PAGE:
So, five races in he should have been no worse than second in any of them but then he hit a rough patch – crashing in qualifying and starting 21st on both days at Detroit before blowing up at Texas. Following a late tire change, he swooped around Tony Kanaan to win Iowa to put himself right back in the title picture and everyone was prepared for another late rally like he’d made in 2012.

Running second at Toronto, he tangled with Kanaan and wound up 21st and then had a DNF at Milwaukee that pretty much sealed his fate.

As Power said a couple years ago, the 33-year-old veteran may be the best all-around racer in IndyCar’s four disciplines and all that talent was on display again in 2014. In a season dominated by Chevrolet, RHR carried the Honda banner along with Simon Pagenaud and he’ll be out-numbered even more in 2015. But don’t bet against him.

RHR-Toronto-wetMarshall Pruett says…

The irrepressible Ryan Hunter-Reay: He’s an absolute joy to watch when he has a car that’s working for him and against him, and if you look at where he finished in the standings last season, his indomitable spirit was on display at every round.

If there was one limiting factor encountered throughout the season, it was Andretti Autosport’s switch from Chevy to Honda engines. Six wins from 18 rounds for Honda spoke volumes to the competitive imbalance between the brands, and while RHR accounted for half of Honda’s trips to Victory Lane, it was clearly a year to have a Chevy. Despite winning the most races for Honda – including his thrilling win at the 98th Indy 500, RHR RHR-and-familywasn’t the top Honda driver in the final standings. That honor went to Simon Pagenaud, and deserves a bit of exploration.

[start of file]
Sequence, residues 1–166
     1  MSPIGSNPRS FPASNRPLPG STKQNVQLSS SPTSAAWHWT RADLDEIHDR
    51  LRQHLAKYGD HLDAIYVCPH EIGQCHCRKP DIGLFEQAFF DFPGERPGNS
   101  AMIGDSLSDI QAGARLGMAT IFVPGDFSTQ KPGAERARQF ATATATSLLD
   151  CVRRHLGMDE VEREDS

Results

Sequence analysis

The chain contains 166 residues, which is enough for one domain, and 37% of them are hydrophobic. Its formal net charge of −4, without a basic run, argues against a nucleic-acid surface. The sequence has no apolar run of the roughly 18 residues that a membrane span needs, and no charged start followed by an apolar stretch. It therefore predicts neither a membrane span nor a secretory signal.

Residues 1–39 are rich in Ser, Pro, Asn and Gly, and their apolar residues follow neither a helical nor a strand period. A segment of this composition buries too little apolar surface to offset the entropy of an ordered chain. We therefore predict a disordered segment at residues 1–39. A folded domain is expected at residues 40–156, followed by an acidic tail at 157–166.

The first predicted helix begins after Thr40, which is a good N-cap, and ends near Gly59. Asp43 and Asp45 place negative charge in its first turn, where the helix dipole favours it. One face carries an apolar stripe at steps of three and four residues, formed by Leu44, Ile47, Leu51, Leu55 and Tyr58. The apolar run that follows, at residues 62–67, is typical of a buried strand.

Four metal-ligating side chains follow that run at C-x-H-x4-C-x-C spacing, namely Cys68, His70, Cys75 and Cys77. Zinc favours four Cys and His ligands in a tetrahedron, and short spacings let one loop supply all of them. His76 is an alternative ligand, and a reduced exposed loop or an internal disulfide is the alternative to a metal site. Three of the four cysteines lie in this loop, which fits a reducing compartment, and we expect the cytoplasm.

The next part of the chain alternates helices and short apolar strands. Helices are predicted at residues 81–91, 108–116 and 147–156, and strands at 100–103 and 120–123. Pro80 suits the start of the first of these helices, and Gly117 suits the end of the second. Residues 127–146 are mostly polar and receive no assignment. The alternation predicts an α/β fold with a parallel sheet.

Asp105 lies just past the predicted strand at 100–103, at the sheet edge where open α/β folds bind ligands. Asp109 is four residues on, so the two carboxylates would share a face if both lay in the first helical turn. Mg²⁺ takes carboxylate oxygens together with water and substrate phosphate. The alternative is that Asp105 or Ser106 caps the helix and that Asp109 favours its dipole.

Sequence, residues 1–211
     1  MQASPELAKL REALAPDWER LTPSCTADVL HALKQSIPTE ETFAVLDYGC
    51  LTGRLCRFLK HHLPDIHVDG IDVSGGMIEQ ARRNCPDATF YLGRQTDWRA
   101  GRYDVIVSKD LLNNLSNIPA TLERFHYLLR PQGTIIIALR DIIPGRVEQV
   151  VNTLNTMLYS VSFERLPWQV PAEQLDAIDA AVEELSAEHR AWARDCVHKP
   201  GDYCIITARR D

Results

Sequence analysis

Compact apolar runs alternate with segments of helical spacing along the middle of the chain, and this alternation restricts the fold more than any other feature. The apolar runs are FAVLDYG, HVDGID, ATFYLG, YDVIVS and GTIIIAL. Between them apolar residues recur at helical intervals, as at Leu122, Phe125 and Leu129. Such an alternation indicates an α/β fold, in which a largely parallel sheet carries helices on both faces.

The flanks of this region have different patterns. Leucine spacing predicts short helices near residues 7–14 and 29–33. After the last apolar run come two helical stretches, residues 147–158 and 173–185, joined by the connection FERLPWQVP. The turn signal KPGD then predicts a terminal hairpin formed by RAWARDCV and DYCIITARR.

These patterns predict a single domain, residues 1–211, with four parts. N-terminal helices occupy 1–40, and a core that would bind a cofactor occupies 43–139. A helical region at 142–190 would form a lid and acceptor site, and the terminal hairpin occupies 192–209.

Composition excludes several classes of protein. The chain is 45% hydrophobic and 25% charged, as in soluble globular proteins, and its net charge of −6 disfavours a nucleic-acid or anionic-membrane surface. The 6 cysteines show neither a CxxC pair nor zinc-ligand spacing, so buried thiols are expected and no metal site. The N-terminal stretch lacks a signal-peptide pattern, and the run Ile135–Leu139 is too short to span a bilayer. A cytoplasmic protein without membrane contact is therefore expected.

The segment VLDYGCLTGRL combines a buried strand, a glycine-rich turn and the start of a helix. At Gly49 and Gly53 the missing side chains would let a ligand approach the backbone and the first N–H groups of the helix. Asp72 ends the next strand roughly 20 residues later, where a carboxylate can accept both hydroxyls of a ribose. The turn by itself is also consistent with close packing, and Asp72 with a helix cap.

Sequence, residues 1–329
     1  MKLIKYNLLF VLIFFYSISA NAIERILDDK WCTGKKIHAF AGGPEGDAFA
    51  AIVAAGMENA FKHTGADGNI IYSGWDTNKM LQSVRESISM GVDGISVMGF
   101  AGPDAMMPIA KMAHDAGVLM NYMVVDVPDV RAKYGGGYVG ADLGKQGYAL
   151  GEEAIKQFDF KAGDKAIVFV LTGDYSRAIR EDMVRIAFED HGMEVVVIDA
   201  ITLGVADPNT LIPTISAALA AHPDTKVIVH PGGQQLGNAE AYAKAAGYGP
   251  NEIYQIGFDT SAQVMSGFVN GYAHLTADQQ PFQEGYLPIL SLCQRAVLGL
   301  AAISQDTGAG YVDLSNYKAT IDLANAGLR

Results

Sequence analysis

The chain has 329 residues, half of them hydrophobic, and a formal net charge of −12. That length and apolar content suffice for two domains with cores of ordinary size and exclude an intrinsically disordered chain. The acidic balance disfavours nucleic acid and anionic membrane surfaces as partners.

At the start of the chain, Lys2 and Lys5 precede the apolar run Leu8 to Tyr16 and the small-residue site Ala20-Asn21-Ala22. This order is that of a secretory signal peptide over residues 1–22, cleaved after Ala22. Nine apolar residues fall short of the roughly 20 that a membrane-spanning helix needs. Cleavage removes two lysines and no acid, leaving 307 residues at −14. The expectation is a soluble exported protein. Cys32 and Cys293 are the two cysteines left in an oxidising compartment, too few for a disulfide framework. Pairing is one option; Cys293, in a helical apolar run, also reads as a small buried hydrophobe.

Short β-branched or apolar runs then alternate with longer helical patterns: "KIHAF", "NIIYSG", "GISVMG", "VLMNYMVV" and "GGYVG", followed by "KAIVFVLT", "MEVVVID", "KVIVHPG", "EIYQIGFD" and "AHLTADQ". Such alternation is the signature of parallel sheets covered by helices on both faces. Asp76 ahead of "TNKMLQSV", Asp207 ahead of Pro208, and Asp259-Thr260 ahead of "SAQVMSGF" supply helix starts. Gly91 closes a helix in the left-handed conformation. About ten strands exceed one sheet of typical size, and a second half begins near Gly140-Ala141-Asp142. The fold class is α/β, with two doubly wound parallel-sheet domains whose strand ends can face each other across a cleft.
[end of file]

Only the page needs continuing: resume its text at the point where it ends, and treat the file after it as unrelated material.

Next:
The 2012 IndyCar champion loves a good fight; he craves the cut-and-thrust battles that comes with advancing through the field and is always looking for the knockout punch. Look at his drives in Barber and at Indy, and you’ll see classic RHR – the American at his finest. His admitted love for the ‘Go big or go home’ approach comes with a higher risk than some of his rivals are willing to take (Long Beach was a perfect example), yet it was that willingness to take risks that delivered his first championship. When it works, he’s unstoppable. When it doesn’t, he’s left parked against a barrier or trailing slowly to the pits for repairs.

With that bit of context applied, I’m left to wonder if a series of sixth- and seventh-place finishes in the championship is something that will continue to satisfy RHR. He’s taken seventh three times and sixth once since joining Andretti Autosport in 2010, and barring his spirited duel with Will Power for the 2012 title, one that was aided when Power crashed during the season finale, his position at the end of the championship has rarely matched his championship potential.

At the sharp end of the grid where RHR lives, four things define the outcome of their seasons: Talent, work ethic, strategy, and good fortune. The 33-year old is among the top 1 percent in IndyCar in terms of raw talent, and he works as hard—and possibly harder—than any driver behind the steering wheel and to steer his team in the right direction. Good fortune is something that can be influenced, but the “You make your own luck” mantra is nonsense. Getting hit by another driver, a blown engine…those issues are visited upon drivers.

The strategy part is what I’m left thinking about with RHR as the 2015 season beckons. He shares – or rather, shared – the go big/go home approach with 2014 IndyCar champion Will Power until the Aussie made the RHR-Indy-checkerschoice to dial down the risks and maximize his points-scoring possibilities at every round. From beginning to end, it was the crucial strategy change that delivered his first title. Power attempted to destroy the field in previous seasons, put up big wins, made headlines as the most exciting driver in the series, yet was left as a serial bridesmaid in the championship.

Provided Honda’s up to the task with its engine and aero kit, we know RHR will challenge Power, Dixon, Pagenaud and other title favorites in 2015, but I’m left wondering if the biggest influence on his season would come from adopting Power’s strategy.